Oh boy. Here we go again.
Have you encountered the phrase "learning experience platform" yet? We've written before about how susceptible the learning industry is to fads and believe this is a direct result of the massive amount of noise in the very crowded learning space.
With more than 700 companies providing some variation of learning software, it can be extremely difficult to differentiate. As a result, many technology providers and industry analysts capitalize on "the next big thing" rather than serve as the trusted advisor their clients really need. The result is rapid, sometimes ill-advised, adoption of fad-driven solutions, spurring clients to move from one solution to another every two to three years.
Don’t confuse a fad with a trend. Trends are tied closely to real-world utilization, are backed by data, and lead to successful feature additions and product evolution. Fads are very different. Gartner has lots of data and insight on this subject and defines technology fads as “short-lived bouts of excitement about a subject, where the excitement is seldom rooted in the intrinsic nature or quality of the subject of the fad.”
We think "learning experience platforms" fall into the fad bucket and see a wide range of solution providers jumping on the term to get the attention of companies who have learning delivery problems - and almost every company currently has a learning delivery problem.
So what’s wrong with learning experience platforms? The term - which seems to cover everything from content providers like Degreed to niche solution providers like Edcast - is predicated on the assumption that learning management solutions cannot deliver modern learning experiences and that learning professionals need to supplement their learning strategies with additional tools that sit on top of their LMS.
Successful learning only requires two things - a solution that people want to engage with and content that they find meaningful. But it turns out, this is very difficult to achieve. The traditional, "usual suspect" learning technology providers still struggle with delivering a modern user experience and are losing the attention of their customers to the many startups in the space that offer a more engaging look and feel.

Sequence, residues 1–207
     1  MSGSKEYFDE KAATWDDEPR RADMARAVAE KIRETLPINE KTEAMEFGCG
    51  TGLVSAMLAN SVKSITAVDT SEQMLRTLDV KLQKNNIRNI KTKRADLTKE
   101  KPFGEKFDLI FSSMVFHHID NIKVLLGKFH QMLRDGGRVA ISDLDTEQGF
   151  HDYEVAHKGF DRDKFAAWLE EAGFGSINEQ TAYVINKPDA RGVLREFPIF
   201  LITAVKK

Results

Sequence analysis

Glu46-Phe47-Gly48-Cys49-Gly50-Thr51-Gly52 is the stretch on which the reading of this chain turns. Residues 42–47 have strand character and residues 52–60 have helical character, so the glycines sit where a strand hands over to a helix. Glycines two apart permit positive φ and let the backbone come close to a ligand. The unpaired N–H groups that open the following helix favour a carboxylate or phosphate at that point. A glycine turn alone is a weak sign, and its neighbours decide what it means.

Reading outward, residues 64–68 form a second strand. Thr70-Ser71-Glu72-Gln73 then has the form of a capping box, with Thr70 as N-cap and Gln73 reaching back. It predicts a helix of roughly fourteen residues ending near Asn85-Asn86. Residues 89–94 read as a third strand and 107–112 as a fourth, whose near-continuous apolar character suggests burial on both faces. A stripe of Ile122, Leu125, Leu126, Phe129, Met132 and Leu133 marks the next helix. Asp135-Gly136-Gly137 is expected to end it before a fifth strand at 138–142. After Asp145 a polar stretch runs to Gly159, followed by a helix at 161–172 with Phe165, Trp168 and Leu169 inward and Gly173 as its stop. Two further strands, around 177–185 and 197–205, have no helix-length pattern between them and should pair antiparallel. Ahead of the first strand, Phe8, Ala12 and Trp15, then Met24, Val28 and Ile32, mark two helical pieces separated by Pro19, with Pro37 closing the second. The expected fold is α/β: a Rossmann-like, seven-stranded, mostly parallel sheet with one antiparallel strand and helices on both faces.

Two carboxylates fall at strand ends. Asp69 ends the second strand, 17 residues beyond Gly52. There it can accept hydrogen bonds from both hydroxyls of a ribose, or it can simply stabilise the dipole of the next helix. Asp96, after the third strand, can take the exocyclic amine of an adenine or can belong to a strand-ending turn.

Upon further investigation, however, many learning leaders find that these "learning lite" solutions don't have the functionality and scope to manage all learning initiatives across the entire organization. That's problem number one.
Problem number two is that every company, big or small, enterprise or start-up, has a content problem. Maybe they’re stuck with old school canned courses that don’t actually resonate with their learners any more. Maybe budgetary and resource constraints make it impossible to author enough content to keep up with the internal demand. Either way, learners expect an evolving and improving learning experience and learning leaders are struggling to figure out where the truly engaging content and/or experience will come from.
What learning professionals really need is an LMS that that provides a modern, engaging learning experience while simultaneously addressing the pervasive content question.
There is currently a convergence of formal and informal content, traditional and non-traditional experiences AND the professional and personal learning journeys of the user. Learning professionals must be able to mix, match, track and report on traditional content like SCORM courses and more modern experiences like TED Talks and blog posts (sometimes referred to as micro-learning initiatives). Learners must be directed to the critical required content, but should be encouraged to discover new content that they actually find interesting and useful (89% of employees now believe they are responsible for managing their own learning and development. )
There is a lot of talk about delivering this wide variety of content through a "Netflix-like" learning experience, where learning assets and experiences are grouped in horizontal scrolling rows that make it easier for learners to identify and engage with what they feel is important, and we couldn't agree more.
In fact, we believe that the learning professional should have complete control over these rows (including the ability to name them and determine the logic behind what content is populated within them) and be empowered to create highly targeted, customized homepages for every learner. The system should further determine what content is visible to an individual learner based on a wide range of attributes like group membership, geographic location, recommendations, previous activity and assessment scores.